• Hermanus – In Hermanus you can spot Marine Big – African Penguins, Cape Fur Seals, Dolphins, Southern Right Whales and Great White Sharks. The town is known to be the best land-based whale watching point in the world. 
  • Mossel Bay – This relatively small harbour town on Africa’s Southern Cape is one of South Africa’s touristic hot spots and thus well equipped with adventurous activities. Every fantasy will be satisfying here. Activities include abseiling, scuba diving, shark-cage diving, sailing, quad-bike riding, dolphin watching, sand surfing or exploring the Oyster Catcher Trail. 
  • Cango Caves – A guided tour through the Cango Caves is stunningly beautiful. Crawling through the tunnels in nothing for claustrophobic people or people with back problems but you’ll forget all the pain once you see the Crystal waterfalls, pipe organ formations and giant stalactites and stalagmites. 
  • 7 Passes Drive – Don’t miss the scenic 7 Passes Drive! This 75km drive from the George end through to Knysna twists and turns through indigenous forests and gorges. Take two or three stops, take pictures, enjoy the spectacular views, have a coffee and stop to engage with some locals in the latest news. This round trip literally slows your journey down and lets you enjoy life. 
  • Hackerville Coastal Hiking Trail – The two-day hiking trail between Knysna and Plettenberg Bay is nothing any conventional two-day hike. The trail is only 27km long but exciting and leads you across wooden bridges, though soaring heights and along steep cliffs. Ladders and chains included. 
  • Wilderness National Park – Tucked away in the foothills of the Outeniqua Mountains is the Wilderness National Park, a fascinating combination of lakes, rivers, lagoons, sandy beaches and the ocean against a backdrop of thriving forests and lush mountains. Go hiking or canoeing and feel one with nature while staying in the Ebb and Flow Shelter.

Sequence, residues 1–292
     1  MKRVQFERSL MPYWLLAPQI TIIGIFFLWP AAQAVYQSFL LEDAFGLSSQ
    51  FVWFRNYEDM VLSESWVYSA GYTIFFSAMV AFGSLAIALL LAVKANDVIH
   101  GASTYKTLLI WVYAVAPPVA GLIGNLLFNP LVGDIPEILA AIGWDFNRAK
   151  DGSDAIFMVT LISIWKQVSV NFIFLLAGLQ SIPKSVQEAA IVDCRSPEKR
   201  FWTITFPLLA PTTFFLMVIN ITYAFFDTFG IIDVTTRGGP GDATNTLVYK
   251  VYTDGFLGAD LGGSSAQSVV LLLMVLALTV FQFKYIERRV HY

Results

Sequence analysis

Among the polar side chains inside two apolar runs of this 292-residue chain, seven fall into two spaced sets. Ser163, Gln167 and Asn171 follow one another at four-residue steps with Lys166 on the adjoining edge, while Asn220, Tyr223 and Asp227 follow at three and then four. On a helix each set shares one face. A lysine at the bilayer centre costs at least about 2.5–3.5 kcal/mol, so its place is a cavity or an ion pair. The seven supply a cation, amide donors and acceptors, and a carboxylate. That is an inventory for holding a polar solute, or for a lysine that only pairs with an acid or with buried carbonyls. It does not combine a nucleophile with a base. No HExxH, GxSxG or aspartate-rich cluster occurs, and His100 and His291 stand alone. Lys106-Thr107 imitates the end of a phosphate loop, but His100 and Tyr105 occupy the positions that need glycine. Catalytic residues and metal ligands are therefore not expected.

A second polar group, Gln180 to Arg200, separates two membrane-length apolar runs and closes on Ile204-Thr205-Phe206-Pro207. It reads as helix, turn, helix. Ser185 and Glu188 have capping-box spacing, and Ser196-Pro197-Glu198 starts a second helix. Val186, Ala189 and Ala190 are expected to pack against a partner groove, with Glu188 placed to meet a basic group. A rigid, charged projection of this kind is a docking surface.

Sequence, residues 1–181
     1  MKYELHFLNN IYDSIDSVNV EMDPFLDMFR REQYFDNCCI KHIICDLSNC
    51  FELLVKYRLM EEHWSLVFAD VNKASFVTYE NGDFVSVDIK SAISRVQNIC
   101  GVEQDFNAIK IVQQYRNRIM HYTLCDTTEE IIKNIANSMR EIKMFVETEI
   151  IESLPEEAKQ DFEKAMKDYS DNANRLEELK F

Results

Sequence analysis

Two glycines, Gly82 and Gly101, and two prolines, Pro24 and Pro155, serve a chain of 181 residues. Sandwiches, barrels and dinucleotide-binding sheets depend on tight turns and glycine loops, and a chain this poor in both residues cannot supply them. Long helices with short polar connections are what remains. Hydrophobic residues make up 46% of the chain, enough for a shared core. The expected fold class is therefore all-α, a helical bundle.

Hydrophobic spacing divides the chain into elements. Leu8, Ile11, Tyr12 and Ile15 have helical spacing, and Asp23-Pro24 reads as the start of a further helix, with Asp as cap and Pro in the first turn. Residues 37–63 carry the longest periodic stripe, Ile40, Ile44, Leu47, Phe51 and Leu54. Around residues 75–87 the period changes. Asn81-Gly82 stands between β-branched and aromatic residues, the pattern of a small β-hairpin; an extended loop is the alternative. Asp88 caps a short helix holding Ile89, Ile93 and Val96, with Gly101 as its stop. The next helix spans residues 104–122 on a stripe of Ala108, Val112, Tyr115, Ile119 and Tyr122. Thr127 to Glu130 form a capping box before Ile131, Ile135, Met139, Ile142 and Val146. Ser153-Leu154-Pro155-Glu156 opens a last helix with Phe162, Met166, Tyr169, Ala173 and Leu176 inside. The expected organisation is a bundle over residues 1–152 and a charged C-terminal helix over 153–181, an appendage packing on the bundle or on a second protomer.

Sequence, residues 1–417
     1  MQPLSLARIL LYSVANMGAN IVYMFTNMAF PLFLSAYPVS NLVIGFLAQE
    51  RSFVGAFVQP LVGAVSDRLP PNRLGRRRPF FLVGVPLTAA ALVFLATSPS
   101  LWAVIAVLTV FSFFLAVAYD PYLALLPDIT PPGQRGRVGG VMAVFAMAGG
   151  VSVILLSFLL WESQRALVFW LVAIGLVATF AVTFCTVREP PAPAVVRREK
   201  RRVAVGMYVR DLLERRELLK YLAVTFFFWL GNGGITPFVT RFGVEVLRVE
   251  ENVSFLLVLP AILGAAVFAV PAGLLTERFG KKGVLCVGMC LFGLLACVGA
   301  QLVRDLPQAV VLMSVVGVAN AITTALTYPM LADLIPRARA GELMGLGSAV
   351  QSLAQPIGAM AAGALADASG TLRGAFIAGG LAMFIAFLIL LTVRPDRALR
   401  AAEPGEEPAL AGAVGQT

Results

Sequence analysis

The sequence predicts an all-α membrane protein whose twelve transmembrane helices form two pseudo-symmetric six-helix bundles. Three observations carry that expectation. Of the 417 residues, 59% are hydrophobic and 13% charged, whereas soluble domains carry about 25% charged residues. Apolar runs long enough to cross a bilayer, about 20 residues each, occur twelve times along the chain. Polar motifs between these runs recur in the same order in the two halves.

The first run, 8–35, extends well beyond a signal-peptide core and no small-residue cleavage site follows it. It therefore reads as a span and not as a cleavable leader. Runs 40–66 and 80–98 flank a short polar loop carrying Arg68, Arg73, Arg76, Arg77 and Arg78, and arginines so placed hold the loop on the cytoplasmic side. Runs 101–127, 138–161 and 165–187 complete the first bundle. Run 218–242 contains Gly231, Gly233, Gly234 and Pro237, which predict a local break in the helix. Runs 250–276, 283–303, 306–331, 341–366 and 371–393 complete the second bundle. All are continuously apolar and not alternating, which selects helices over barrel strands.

• Elephant Walk at Diepwalle – The Park is designed to allow injured or dislocated elephants recover and socialize. The walk starts and ends at the Diepwalle Forest Station. It is an easy walk that offers a number of route options (7km, 8km and 9km). You go with a guide and might see and elephant or four, maybe not depending on how many elephants the park has at the time of your visit. 
  • Plettenberg Bay – Another tourist hot spot. Even though Plettenberg Bay – or Plett as people like to call it – is a resort. Although it can be very busy, check it out. It has some nice offers and many tours start from here. 
  • Tsitsikamma National Park – 80km of protected coastline with indigenous forests and a dramatic coastline. Tsitsikamma NP is Africa’s oldest and biggest marine reserve preserving dolphins, porpoises and Cape Clawless Otters.

The Garden Route is so divers and probably one of the most picturesque and remarkable road trips you’ll ever do. The distance from Mossel Bay to Storms River is only 200km but the range of vegetation, wildlife and outdoor activities are stunning.

By Desiree Schneider - Online Journalism Intern

Frontier runs terrestrial & marine conservationcommunityteaching and adventure projects in over 50 countries - join us and explore the world!